The most basic difference between imode and WAP is the different graphic capabilities; imode only supports simple graphics, which is far more than what WAP allows. The imode packet-switched data network is more suited for transferring data than the WAP CS network.

Another major difference is the “ always-on ” capabilities of imode. Since users are not charged for the time they spend on-line, it is more convenient and also less expensive. Since there is no need to dial up before using the various IP-based services, e-mail becomes as instant as SMS. imode uses cHTML, a subset of HTML, while WAP uses WML, a subset of XML. cHTML, while certainly easier to develop from a web-designer standpoint, has its limitations. The downside of WML, on the other hand, is similarly obvious — currently a WAP gateway is required to translate between HTML and WML for almost every data transfer. On the other hand, since WML is derived from XML, it is much more extensible. XML allows for more dynamic content and various different applications. In the future, a WML-based service will be of more advantage than an HTML-based one. So while WAP may currently require more complicated technology, in the long run, it may enable the user to do more with his or her device.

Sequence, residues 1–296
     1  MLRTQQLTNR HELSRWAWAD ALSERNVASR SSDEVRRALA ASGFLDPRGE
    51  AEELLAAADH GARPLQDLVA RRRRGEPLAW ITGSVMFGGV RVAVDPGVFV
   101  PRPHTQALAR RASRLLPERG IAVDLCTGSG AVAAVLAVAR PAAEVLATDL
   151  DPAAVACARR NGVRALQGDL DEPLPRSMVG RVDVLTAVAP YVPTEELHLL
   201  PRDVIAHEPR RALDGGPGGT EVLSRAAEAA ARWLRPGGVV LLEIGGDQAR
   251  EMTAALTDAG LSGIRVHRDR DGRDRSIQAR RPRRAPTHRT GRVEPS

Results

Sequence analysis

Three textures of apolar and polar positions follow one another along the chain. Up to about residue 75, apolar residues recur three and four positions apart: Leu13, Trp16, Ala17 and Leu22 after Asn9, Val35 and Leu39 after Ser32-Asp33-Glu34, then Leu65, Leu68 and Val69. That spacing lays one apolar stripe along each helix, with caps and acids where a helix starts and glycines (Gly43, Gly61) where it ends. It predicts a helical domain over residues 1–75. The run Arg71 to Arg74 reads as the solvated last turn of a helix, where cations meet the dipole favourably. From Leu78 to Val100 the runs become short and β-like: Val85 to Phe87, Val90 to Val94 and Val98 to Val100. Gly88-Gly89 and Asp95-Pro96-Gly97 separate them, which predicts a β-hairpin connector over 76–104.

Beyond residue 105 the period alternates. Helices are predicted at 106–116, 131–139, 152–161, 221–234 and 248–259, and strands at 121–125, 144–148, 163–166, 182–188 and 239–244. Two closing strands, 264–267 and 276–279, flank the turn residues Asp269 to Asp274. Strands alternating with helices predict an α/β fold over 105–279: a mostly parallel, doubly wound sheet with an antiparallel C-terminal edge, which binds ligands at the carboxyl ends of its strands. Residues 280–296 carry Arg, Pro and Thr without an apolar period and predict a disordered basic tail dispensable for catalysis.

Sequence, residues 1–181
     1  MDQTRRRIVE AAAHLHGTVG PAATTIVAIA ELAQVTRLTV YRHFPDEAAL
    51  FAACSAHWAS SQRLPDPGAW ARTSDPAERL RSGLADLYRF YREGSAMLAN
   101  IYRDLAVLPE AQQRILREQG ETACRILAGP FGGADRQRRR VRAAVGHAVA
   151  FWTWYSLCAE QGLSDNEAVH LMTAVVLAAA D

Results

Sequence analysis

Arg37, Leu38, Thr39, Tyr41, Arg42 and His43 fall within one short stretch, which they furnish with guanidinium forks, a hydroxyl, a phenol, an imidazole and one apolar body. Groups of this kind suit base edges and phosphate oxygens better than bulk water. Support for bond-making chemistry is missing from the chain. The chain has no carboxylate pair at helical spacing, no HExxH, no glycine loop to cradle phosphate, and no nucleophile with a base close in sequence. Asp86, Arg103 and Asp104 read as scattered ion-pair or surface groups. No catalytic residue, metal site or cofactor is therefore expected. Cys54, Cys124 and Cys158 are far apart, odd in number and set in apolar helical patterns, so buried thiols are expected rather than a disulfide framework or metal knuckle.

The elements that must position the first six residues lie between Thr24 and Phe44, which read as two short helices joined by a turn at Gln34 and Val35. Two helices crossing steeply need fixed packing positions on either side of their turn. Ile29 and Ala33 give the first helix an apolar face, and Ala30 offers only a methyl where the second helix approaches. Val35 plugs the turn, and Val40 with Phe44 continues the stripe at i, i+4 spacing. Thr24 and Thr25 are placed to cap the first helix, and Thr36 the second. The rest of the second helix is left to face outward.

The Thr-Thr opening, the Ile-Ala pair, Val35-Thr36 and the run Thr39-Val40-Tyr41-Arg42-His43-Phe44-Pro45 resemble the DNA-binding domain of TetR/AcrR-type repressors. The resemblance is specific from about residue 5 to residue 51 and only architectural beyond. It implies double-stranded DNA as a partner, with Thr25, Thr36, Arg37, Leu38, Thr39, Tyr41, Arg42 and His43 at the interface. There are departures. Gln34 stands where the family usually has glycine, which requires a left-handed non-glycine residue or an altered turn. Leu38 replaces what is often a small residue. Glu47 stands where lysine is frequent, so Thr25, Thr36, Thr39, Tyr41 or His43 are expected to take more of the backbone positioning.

Source of Information : Elsevier Wireless Networking Complete


imode is a proprietary mobile ISP and portal service from NTT DoCoMo, Japan, with about 50 million subscribers. For imode, DoCoMo adopted the Internet model and protocol. imode uses compact HTML (cHTML) as a page description language. The structure of cHTML means that the user can view traditional HTML and imode sites can be inspected with ordinary Internet web browsers. This is in contrast to WAP, where HTML pages must be translated to WML. imode provides Internet service using personal digital cellular-packet (PDC-P) and a subset of HTML 3.0 for content description.